Discovering Jasna Góra – Jasna Góra Hodegetria

Black Madonna Icon Faces

This is translated from Polish that appeared on and titled ‘Odkrywamy Jasną Górę (15) Jasnogórska Hodegetria’ written by Fr. Jan Stanislaw Rudzinski OSPPE.

The image of the Virgin Mary of Jasna Gora belongs to the so-called Hodegetria type, i.e. the Virgin Mary – Mother of God, an intercessor with the Son, interceding for humanity, and guide leading to Christ. According to the usual scheme for this type, Mary is depicted frontally, with her right hand folded on her breast and the Child Jesus on her left arm. Jesus, facing his Mother, raises his right hand in a gesture of blessing, while in his left hand, he holds a scroll or a Gospel book. Depending on the mutual positioning of the heads of Mary and Jesus, the arrangement of the Mother’s right hand and the position of the Infant’s feet, several variants of iconographic representations of Mary can be distinguished. The Byzantine icon from the end of the 10th century, found in the church of S. Maria Maggiore in Rome; the mosaic icon from the 12th century, preserved in the Serbian monastery of Chilandar on Mount Athos; and the image of Our Lady from the church of S. Maria Nuova in Rome can be considered the closest analogue of the Czestochowa Image.

 The Jasna Gora painting is painted in tempera technique on canvas pasted on 3-3.5 cm thick linden boards glued together, measuring 120.2 x 81.6 cm, in a frame of 137 x 97.2 cm. The painting is made on glue and chalk mortar. The convex wooden border of the painting and the recess in the middle of the front side of the board were achieved by deepening the board’s surface. Both the paint, the mortar, the canvas and the panels have many different cavities and injuries, in which the image’s long and, at the same time, mysterious history is imprinted.

 Our Lady is depicted frontally, with her head slightly turned to the left, towards the Infant. She is dressed in a dark blue gown and a red-lined cloak of the same colour, also encircling her head. The extraordinary impression is enhanced by the particular contrast between the majestic and hieratic positioning of the figure of the Mother of God and her delicate, girlish face and the strand of wavy hair flowing freely along her cheek. Mary’s drawn face is illuminated by light from above, slightly from the right, which models the narrow, elongated nose and small but prominent mouth. The left side of Mary’s face plunged into shadow, is clearly asymmetrical, adding even more life-like qualities to the face. The expressive power of the painting is concentrated in the eyes of the Mother of God. They look directly at the viewer from under lowered as if slightly puffy eyelids. Clear flashes of light shine around the irises on the inner side. Mary gazes with an expression of poignant, subtle sadness and reflective thoughtfulness.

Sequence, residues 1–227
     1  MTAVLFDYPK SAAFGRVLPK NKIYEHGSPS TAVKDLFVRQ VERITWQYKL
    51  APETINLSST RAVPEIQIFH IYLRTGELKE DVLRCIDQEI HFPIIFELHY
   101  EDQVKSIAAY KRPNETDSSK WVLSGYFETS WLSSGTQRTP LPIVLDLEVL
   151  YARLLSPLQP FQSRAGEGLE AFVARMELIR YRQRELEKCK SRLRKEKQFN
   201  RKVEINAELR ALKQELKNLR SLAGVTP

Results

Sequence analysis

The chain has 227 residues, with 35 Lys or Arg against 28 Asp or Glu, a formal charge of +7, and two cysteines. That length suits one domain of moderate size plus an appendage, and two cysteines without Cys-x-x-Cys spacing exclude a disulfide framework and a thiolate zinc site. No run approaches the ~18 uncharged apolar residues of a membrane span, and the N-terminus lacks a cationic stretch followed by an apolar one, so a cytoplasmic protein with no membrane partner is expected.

On her right cheek, there are ‘scars’ indented into the texture of the painting and saturated with cinnabar. The two largest, almost parallel, crossed at the top by a transverse scratch, pass diagonally across the cheek from the middle of the nose to the neck and then up to the fold of the robe. Two smaller ‘scars’, also indented into the texture, are on the right side of the neck. Mary folds her right hand diagonally over her breast. On her left, through the hem of her cloak revealing only her fingertips, she holds the seated Child, whose head is turned slightly to the right, raised upwards and slightly tilted back. The Child is looking not at his Mother but straight ahead, directly at the beholder. The face of Jesus – round, with childlike charm (short nose, small but full lips, tiny curls) – is also imbued with a poignant sadness, concentrated in the expression of eyes looking out from under lowered eyelids. The Child is dressed in a tunic with a broad vertical fold at the neck and narrow, cuffed sleeves. The

robe is tightly wrapped around the bent legs so that only the toes of the left foot are

visible from under the robe. The Child’s relatively small head is in stark contrast to the large hands and toes. Jesus raises his right hand in blessing while his left-hand holds the Gospel codex horizontally. The colour scheme of the entire painting is dark and saturated. This colouration is intensified by the darkened layers of varnish. The complexion of the face of the Virgin and Child Jesus is a burnt ochre colour, turning to shades of red in the highlights, falling into a dark umber tone in the shadows.

A strand of wavy hair, flowing down along Mary’s left cheek, brings out a golden sheen in the lights. Our Lady’s dark blue gown and carmine-lined mantle of the same colour are decorated with a motif of golden heraldic lilies. The border of the mantle and gown below the neck is formed by a triple gold bordure consisting of a wide border and two openwork trails, the outermost of which, arcaded, is topped with a trefoil. Mary’s mantle is crowned above her forehead by a six-pointed gold star. The Child’s bright crimson gown is decorated with three types of gilded rosettes formed of palmettes and lilies. The book, or rather codex, held by Jesus, in a green-brown binding with yellow page edges, is decorated with five gold rhombic fittings ending in trefoils at the corners. Smooth polished-gilt halos appear from the background, contrasting strongly with the blue-green background of the painting.

 In the next section, we will touch on the rich iconography of the Picture of Our Lady, so much in keeping with the Gospel image of Mary.